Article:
World Record Fuel Efficient Driving Attempt
World Record Fuel Efficient Driving Attempt
An Australian couple obessed with breaking records are attempting to set a new Guinness World Record for fuel efficient driving. Their journey will take them along New Zealand's roads next month.
Expert drivers John and Helen Taylor set off from London last night and aim to go 28,970 kilometres (driving up to 14 hours a day), across 25 countries, in 70 days… all on 50 tanks or less.
They will head across Europe, Asia, Australia, to New Zealand then onto the US. With this world record attempt the Taylors aim to demonstrate how consumers can be more fuel efficient, no matter where they live or what vehicle they drive.
They setting off from Waterloo Place, Pall Mall, passing by The Reform Club — where the legendary Phileas Fogg began his fictional journey “Around the World in 80 Days.”
When they arrive in New Zealand at the end of February, they are scheduled to drive from Christchurch to Picton (through Kaikoura, Blenheim) , catch the ferry, then head through Wellington up the coast to Wanganui, inland to Tamauranui, up through the Waikato to Auckland.
John and Helen Taylor are holders of thirty-four fuel-economy driving achievements (more than any other couple worldwide). For this challenge, the Taylors approached Shell to be their fuel provider and Shell is using this opportunity to road testing its newest Fuel Economy petrol formulation for the challenge, which it plans to introduce to the public in the future.
To see daily statistics on mileage and fuel consumption along the Taylors’ journey, www.fuelchallenge.com will provide the most up-to-date information, as well as daily blogs by the Taylors and crew, photographs, highlights and tips on fuel efficiency.
Logistics For The Taylors’ Round-The-World Trip
This is no Sunday afternoon drive in the countryside, but the Taylors and their tight-knit support team (one independent witness, one film-maker, one writer and two mechanics) will be travelling as light as possible. Particularly in the Taylors’ case, since extra weight means extra demands on fuel.
There will be a total of three cars in the caravan: the Taylors’ Volkswagen Golf FSI 1.6, and two Volkswagen Passat Estates, which will serve as support crew vehicles. Between them, they’ll have to carry all the essentials to ensure a safe 28,970 km road journey, starting with the basics (clothing for seven – one holdall each, no more), plus – in case of trouble – the safety essentials (comprehensive first aid kits, torches, blankets and fire extinguishers).
The cars will be equipped with a GPS tracking system, satellite phones (for intercar communication). The support car will bristle with laptops, digital cameras, film cameras, and a plethora of batteries, chargers, adapters, power cables, memory cards, and tapes to enable the world to watch as the Taylors undertake their adventure.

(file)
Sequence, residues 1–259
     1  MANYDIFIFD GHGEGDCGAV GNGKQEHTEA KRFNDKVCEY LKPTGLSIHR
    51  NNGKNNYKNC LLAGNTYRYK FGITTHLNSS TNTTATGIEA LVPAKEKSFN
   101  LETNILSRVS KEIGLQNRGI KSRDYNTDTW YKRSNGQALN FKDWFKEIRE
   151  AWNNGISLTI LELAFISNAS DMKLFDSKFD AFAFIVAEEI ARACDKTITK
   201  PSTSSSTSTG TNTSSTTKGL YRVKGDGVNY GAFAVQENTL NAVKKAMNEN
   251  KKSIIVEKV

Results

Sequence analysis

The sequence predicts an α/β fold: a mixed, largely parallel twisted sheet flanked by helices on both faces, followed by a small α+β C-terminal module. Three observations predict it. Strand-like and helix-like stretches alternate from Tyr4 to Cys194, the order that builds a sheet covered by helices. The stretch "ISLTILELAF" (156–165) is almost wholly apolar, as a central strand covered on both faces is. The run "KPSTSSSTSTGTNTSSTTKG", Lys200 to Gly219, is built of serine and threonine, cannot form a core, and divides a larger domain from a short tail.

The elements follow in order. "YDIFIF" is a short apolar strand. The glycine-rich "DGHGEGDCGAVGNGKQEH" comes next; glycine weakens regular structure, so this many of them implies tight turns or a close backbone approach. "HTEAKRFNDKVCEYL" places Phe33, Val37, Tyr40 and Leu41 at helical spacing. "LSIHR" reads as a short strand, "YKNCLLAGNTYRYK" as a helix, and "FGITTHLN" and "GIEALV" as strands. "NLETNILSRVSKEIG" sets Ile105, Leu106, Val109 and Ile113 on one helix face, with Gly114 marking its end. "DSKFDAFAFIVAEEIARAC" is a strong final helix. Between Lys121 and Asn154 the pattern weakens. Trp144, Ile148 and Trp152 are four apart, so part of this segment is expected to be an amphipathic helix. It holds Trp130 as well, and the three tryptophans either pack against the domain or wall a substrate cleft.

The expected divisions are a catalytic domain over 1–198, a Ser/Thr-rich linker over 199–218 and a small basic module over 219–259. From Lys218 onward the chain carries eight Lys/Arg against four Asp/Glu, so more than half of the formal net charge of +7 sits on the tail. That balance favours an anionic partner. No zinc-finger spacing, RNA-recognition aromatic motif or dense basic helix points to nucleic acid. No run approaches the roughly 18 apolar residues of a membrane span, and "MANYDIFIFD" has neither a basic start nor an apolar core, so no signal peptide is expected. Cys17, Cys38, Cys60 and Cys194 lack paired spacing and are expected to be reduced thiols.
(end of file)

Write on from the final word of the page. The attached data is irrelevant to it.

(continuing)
On the consumables front, there’ll be plenty of dry food and sealed bottled water (in these cramped conditions, a stomach complaint could have very unpleasant consequences for other passengers), and – because those hours on the road are likely to become very tedious, a selection of CDs. John and Helen are more than happy with some jazz, a touch of Queen, and a smattering of Barbara Streisand. But if the support crew comprises one heavy metal freak, a classical music fan, and a folk aficionado, things could well turn tricky before they even reach the Channel Tunnel.
Also on board will be spare plastic wraps for the car - distinctively designed Shell Fuel Economy World Record Challenge covers - and one powerful hair-dryer. Not because anyone in the team is particularly concerned about matters relating to their coiffure, but because it takes skilled handling of a hair-dryer to apply the covers.
Measuring the Fuel
There are three allowable fuel measurement approaches, and the Taylors have opted to use two.
They’ll measure the amount of fuel added at every fuelling operation. Fuel will be added from drums. Using an industrial balance, the full drum will be weighed, then the fuel will be pumped into the car, and then the drum will be re-weighed. Weights will be recorded on a daily basis, and the total volume added will be calculated using the fuel’s density at 20 degrees centigrade. For those with a technical bent, this method is preferred over recording the volume, because it’s both safer and more accurate. Also, the fuel’s temperature does not require recording, therefore, volume-correcting to 20 degrees centigrade.
The second measure is the on-board fuel consumption measurement system, using the manufacturer’s engine management system (EMS) based output, which provides the information to the dash screen or multi-functional display (MFD).
Measuring the Distance Travelled
The vehicle’s odometer will be used to record the distance travelled. However, the accuracy of these units is such that there may be a small disparity with the true distance travelled. If used as the primary method, it should be calibrated at regular intervals or after changing tyres.
The alternative approach is to record the distance the vehicle travels each day by GPS tracking. The satellite system supplier will produce a daily report of the distance travelled. This approach will also enable the calibration of the vehicle’s odometer on a daily basis.
Using both the above procedures will enable two methods of measurement to be performed and provide duplicate figures in case of any unforeseen problems and this protocol has been approved by Guinness World Records.
CURRENT GUINNESS WORLD RECORDS
Longest fuel range (Standard)
The greatest distance driven on a single standard tank of fuel is 2,348 kn (1,459.16 miles), driven by John and Helen Taylor between Melbourne, Victoria and Rockhampton, Queensland from 31 December to 2 January 2002.
consumption driving around Australia
John and Helen Taylor drove around Australia, covering a distance of 14,634 km (9,093 miles) on just 512.32 litres (112.69 gallons) of diesel, from 27 February to 23 March 2004. This equals a fuel consumption of 3.5 1/100 km (80.7 mpg).
1991 Round Australia Record, Holden Barina, 75.57 mpg, 8,921 miles
1991 Round Britain Record, Daihatsu Charade, 103.01 mpg, 3,621 miles
1992 Round Australia 4 litre petrol record, 42.49 mpg, Ford Falcon Gli
1993 Melbourne to Sydney, Ford Falcon Gli LPG, 39mpg, 900kms
1994 Coventry to Milan, Rover, 68 mpg, 925 miles
1994 Darwin to Alice Springs one tank record, Land Rover, 53.39 mpg, 928 miles
1994 Round Australia LPG Record, Boral Gas Ford, 9.9 Ltr/100 kms, 14,433.2 kms
1996 Fuel Economy Driving Record, Cento (Italy) to Calais (France), Jeep Cherokee, 58.47 mpg, 900.5 miles
1997 Fuel Economy Driving Record, Cento (Italy) to Calais (France), Chrysler Voyager, 53 mpg, 870.5 miles
1999 World Record Longest Drive on a Tank (4 Wheel Drive), Melbourne to Brisbane, Daewoo Musso, 61.24 mpg, 1,703 kms.